The Great Wall

According to legend, the Great Wall was built by the first emperor of the Qin Dynasty, Qin Shi Huang (Reigned 221-210 BC), though historical records trace the true origin of the wall to defensive fortifications built in the fifth century BC From the statement "Square walls surround the Kingdom of Chu," we can trace walls with a total length of 500 kilometers in what is now Henan Province dating back to the Eastern Zhou Dynasty (770-256 BC). In addition to Chu, the kingdoms of Qin, Qi, Wei, Zhao, Han and Yan all had their own separate defensive walls spread about through the Yellow and Yangtze River basins, running in different directions and beginning and ending abruptly. The walls of this period bear little relationship to the wall of today with its predominantly east-west configuration.

In 221 BC, the armies of Qin conquered the abovementioned six kingdoms and unified China. Qin Shi Huang ordered the demolition of the walls separating these kingdoms and rebuilt a new "Great Wall," based on the walls protecting the northern frontiers of Yan, Zhao and Qin. According to the Records of the Historian (shiji), written approximately 100 BC, "General Meng Tian mobilized 300,000 laborers and built a great wall which followed the contour of the land, taking advantage of natural defenses." This wall extended more than 6,000 kilometers from Lintiao (in Gansu Province) to Liaodong. Thus the general plan of today's Great Wall was laid down during the Qin Dynasty (221-206 BC).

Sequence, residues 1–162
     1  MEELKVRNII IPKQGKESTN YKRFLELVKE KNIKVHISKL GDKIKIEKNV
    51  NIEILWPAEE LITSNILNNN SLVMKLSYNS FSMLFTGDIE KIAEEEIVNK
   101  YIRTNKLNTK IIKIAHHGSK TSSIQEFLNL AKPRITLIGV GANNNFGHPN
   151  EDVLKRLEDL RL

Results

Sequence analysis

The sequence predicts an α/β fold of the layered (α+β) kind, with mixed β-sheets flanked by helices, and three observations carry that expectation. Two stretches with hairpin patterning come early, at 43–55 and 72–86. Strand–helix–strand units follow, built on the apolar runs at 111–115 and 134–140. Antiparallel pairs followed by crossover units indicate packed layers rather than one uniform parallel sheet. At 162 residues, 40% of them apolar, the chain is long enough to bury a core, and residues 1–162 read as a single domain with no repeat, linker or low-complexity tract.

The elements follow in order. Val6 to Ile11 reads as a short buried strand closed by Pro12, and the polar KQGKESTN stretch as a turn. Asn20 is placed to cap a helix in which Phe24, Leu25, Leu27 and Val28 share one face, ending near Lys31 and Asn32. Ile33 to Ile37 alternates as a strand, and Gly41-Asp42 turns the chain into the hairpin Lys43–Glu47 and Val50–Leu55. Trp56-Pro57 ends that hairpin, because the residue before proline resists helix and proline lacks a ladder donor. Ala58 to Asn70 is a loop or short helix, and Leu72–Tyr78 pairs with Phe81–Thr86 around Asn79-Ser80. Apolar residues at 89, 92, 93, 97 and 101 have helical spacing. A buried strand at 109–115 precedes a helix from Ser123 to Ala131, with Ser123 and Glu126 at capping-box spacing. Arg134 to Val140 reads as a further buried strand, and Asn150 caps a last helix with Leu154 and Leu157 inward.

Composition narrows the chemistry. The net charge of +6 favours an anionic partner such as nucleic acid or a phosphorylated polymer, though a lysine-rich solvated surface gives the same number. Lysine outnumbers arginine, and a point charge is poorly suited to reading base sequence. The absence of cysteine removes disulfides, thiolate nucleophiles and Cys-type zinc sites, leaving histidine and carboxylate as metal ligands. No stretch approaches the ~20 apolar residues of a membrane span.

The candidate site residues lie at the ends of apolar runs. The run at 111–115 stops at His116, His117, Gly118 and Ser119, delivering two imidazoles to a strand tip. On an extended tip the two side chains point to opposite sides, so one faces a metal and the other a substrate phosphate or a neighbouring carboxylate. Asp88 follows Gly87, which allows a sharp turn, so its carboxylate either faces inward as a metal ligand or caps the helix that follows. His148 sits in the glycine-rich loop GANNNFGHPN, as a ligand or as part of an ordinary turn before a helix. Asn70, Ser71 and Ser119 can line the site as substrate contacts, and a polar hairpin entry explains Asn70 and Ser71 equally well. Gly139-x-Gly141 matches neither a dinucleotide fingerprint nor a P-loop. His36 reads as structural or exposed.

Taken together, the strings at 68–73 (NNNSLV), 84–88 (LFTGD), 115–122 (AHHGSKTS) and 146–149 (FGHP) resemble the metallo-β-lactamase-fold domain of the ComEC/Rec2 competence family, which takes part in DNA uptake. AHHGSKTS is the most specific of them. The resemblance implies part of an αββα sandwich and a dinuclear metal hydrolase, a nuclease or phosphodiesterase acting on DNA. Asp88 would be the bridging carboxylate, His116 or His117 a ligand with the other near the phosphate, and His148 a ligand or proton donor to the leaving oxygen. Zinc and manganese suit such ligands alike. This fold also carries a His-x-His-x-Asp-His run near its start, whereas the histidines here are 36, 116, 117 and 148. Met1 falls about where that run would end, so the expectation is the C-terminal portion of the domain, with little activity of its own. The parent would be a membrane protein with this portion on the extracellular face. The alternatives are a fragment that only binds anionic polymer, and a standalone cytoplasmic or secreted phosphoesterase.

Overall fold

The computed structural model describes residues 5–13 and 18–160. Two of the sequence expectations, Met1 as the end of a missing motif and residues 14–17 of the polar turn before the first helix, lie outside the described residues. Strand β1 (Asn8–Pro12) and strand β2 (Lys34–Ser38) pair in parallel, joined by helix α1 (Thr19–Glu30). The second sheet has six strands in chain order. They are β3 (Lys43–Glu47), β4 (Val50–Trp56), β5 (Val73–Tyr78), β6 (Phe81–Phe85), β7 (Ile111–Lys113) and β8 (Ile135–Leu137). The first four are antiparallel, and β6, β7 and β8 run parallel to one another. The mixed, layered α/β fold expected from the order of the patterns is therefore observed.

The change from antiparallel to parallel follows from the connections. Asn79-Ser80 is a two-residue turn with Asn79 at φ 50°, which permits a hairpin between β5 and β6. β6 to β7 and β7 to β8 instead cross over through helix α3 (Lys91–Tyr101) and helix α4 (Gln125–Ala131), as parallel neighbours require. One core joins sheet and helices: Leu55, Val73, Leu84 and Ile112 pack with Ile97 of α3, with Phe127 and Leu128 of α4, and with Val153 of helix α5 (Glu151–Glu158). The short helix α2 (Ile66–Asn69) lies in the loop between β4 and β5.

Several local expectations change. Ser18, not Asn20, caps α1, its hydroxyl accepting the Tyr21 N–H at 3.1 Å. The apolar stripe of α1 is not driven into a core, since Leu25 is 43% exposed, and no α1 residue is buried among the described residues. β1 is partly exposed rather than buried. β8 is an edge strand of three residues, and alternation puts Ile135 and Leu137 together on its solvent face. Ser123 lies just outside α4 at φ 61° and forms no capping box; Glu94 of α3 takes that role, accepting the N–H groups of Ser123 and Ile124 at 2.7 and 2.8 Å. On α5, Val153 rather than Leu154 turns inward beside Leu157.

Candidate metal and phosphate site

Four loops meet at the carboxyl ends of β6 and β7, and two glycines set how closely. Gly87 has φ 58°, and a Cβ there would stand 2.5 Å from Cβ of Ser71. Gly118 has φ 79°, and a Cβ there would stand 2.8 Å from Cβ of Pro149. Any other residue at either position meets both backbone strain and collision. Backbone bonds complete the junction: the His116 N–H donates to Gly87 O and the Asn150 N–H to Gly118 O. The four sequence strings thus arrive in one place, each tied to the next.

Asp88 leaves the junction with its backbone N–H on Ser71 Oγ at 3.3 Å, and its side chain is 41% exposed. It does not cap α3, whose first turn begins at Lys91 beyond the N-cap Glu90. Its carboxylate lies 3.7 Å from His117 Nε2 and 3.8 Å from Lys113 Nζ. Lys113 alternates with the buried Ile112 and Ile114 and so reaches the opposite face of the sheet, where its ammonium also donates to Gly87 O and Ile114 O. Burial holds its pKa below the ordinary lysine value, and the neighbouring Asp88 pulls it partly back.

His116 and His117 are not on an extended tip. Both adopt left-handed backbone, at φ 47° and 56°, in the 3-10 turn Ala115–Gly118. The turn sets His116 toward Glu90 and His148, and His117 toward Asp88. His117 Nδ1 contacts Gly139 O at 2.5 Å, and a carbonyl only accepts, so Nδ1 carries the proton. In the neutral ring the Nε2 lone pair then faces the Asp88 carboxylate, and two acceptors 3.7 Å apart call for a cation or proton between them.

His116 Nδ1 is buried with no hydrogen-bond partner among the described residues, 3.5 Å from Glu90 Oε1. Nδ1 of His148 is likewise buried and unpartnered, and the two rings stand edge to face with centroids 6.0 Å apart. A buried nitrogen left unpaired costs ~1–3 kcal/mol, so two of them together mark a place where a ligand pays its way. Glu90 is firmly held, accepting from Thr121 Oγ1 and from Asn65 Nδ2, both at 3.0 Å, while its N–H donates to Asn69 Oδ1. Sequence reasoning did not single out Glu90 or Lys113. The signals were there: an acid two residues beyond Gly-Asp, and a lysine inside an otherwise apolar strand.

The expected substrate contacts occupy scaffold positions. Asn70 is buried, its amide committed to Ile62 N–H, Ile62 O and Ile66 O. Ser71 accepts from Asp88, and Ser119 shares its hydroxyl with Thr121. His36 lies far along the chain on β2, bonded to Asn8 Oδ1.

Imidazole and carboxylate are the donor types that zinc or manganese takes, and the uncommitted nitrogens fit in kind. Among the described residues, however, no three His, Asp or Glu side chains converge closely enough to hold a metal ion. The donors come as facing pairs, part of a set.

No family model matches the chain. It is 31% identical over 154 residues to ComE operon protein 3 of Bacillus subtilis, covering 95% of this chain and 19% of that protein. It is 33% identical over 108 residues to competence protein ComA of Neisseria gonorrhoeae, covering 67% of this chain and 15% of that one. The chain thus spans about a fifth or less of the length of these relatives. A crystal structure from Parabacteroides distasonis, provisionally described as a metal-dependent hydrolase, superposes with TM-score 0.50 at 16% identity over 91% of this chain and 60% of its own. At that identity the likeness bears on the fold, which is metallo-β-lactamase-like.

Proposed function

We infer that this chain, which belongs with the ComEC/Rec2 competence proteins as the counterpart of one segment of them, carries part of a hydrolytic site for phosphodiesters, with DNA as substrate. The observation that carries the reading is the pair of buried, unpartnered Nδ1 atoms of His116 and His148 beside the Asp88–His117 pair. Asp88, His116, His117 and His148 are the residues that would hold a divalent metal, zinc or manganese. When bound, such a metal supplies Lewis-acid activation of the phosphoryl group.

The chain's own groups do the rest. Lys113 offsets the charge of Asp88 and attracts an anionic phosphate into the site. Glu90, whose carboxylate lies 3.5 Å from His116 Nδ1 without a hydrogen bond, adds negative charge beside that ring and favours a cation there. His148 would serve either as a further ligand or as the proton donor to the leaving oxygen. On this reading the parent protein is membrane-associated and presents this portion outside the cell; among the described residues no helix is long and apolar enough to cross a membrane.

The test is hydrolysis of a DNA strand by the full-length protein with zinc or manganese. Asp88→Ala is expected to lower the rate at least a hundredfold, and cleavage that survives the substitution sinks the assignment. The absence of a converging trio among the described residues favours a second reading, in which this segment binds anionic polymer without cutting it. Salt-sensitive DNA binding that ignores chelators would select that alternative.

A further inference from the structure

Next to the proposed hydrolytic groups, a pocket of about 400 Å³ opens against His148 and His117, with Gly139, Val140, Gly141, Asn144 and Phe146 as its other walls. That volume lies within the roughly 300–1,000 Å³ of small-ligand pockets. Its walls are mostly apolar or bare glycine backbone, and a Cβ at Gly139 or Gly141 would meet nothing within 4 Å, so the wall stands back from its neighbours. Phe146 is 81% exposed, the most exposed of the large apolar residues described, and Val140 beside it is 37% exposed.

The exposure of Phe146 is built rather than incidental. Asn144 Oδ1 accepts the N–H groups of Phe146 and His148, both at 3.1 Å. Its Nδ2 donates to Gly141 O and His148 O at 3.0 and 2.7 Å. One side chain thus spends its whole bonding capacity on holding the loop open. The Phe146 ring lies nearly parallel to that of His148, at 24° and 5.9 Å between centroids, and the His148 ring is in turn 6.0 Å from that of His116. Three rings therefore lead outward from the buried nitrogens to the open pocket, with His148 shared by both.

During the Han Dynasty (206 BC- AD 220) Which followed the Qin, in addition to making improvements in the Qin wall, the Han emperors constructed a separate outer wall north of the Yinshan Range with a total length of 10,000 kilometers. This was the longest single wall built in ancient China. After the fall of the Han Dynasty, the wall gradually decayed into ruins. In 1368, the founding year of the Ming Dynasty, Emperor Taizu commanded his general Xu Da to direct the reconstruction of the Great Wall. Beginning at the Juyong Pass, the work went on for more than 100 years. Based on the general dimensions of the Qin Wall, the Ming wall stretched from its westernmost point at the Jiayu Pass more than 6,000 kilometers east to the Yalu River. The section, which lies between the Jiayu and Shanhai, passes remains in good condition today and is known throughout the world as the Great Wall of China.

Setting out from Beijing, the most popular destination for visiting the Great Wall is Badaling. Both trains and buses go to the northwest of the city proper in a deep mountain-flanked gully 15 kilometers long. In summer, the peaks here are covered with brilliant stretches of leaves and luxuriant flowers. As early as the 13th century, the area was known for its beauty, and was listed as one of the"Eight Great Sights of Yanjing." The name "Juyong" first appeared in the huainanzi, a philosophical work from the second century BC, in the following annotation: "The Juyong Pass is one of the nine great passes in the country."

To the west of the Juyong Pass is a white marble structure called the Cloud Platform (Yuntai), which was built in 1345 to serve as the foundation for a set of three stone pagodas built at the command of Emperor Huizong, the last ruler of the Yuan Dynasty. At this time, the structure was known as the Pagoda Bridge (Guojieta). After the pagodas were destroyed some time around the fall of the Yuan Dynasty (1368), the Great Peace Temple (Tai' ansi) was built to replace them. But the temple was burned down in 1702 during the reign of Emperor kangxi.